I have great empathy for our leaders. They’re not allowed to drop the dance. They have to dance the dance. They have to speak a certain way. Meanwhile, I’m able to explore the depth and limits of free speech. I’m able to be the same person that all these big business types are, calculating, goal-oriented.
The thing that horrifies them is that my goal is not money, it’s truth and the advancement of working reporters. As I’ve said, money is a means to an end. And even when Stenonymous funding fell off, I persevered, because there is something special about our little culture and society, and I couldn’t watch it go out on a lie.
So next time you’re wondering whether you’re being too aggressive or impolite, just remember Lewis Brisbois. They don’t care what people think. They don’t care about morals. They don’t care about anything that isn’t protecting their piece of the pie. And when someone tried to take some of that pie, they used what leverage they had to take it back.
Reporters, it’s time to protect your piece of the pie. Information distribution and funding media that is aggressively advocating for the pie on your plate is what I’ve calculated will do it. Of course, I have other hopes related to equality, access to justice, and science, but these all align with the interests of the working reporter or sole proprietor and most of the small business owners.
It’s come to my attention that there may be texts circulating claiming to be Stenograph President Anir Dutta.
Mr. Dutta called me not too long ago (Sunday), and this was obviously not his area code. Nobody should be fooled by this dishonesty, it’s a common gift card scam.
It’s notable that these attacks are frequent on prominent organizations. The data to commit these scams is usually scraped off of organizations’ websites, and as far as I know, not usually the result of any breach.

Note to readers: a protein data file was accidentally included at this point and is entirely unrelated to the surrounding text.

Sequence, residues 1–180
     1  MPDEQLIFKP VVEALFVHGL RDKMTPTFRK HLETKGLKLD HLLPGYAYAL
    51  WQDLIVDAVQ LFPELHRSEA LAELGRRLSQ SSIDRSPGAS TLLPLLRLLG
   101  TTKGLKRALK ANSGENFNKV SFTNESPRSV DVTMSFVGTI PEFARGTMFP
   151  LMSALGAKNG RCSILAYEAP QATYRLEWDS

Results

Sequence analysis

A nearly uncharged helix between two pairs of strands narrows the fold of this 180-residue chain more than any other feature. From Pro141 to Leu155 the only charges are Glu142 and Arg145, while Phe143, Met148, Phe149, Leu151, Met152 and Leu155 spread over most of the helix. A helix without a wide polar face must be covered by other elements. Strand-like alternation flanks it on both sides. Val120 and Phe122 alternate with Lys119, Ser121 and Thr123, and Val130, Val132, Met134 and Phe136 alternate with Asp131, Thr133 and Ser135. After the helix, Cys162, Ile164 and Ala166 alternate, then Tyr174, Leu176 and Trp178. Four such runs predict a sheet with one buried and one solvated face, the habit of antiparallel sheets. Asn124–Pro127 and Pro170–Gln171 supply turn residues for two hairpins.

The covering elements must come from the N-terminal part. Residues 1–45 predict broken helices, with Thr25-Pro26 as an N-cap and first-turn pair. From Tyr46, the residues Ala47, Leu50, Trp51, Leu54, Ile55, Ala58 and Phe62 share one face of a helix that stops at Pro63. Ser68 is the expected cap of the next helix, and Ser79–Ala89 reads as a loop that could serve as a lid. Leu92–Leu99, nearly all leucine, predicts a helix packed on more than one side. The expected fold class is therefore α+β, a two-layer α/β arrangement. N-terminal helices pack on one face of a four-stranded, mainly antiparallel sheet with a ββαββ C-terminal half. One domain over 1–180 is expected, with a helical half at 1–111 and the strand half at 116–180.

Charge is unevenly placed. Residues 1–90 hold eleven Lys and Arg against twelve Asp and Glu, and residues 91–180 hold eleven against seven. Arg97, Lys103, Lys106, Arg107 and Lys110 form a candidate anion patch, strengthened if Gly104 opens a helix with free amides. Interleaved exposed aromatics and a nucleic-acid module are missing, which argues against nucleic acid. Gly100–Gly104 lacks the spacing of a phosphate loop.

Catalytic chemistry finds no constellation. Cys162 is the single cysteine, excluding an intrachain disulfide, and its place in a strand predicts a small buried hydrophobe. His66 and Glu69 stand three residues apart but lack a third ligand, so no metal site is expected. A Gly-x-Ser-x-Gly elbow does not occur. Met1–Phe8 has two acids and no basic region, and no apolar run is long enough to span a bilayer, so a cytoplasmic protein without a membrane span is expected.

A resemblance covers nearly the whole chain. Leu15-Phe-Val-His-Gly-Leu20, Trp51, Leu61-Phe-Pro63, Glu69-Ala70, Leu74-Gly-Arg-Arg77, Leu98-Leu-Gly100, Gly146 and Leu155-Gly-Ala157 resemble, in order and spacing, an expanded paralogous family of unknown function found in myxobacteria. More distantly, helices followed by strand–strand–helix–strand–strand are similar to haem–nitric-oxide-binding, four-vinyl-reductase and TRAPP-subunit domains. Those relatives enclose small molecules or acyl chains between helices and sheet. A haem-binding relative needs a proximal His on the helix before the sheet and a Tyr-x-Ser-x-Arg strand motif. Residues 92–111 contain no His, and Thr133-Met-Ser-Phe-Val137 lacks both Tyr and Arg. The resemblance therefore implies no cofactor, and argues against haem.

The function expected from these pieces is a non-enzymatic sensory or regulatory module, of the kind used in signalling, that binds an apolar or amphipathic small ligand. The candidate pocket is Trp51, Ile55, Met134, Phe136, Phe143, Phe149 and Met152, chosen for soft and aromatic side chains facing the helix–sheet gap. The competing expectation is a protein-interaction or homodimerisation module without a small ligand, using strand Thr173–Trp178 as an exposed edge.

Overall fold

It’s my sincere hope that more law enforcement emphasis gets put on scam detection, investigation, and prosecution. FTC data shows consumers losing over $8 billion to scams in 2022. That’s over twice the size of our entire industry. Double the money every single court reporter made in 2022.
If you or anyone receive this scam, remember not to fall for it. Respectable people like company presidents and association board members will not randomly ask for gift cards.
Stenonymous Satire Weekends is back with a vengeance tomorrow. We’ll be poking fun at AI art.
Personally, my favorite facial expression in this video was…
EchoTheSavage was pretty close in the beginning part there. He says the lyrics were written by me and performed by somebody else, but Anonymous actually wrote and created the song, which really impressed me when I first commissioned it. All I gave was creative direction. The crazy thing is toward the end of the review, he mentions how everybody’s voice can be tinkered with via AI. So he knows exactly what we’re trying to get out there when we talk about voice cloning being dangerous for legal proceedings without knowing a damn thing about us.
Now, I get pretty deep and political here, so if you just want a light read, stop here, close me out, go enjoy your day. Otherwise, keep reading.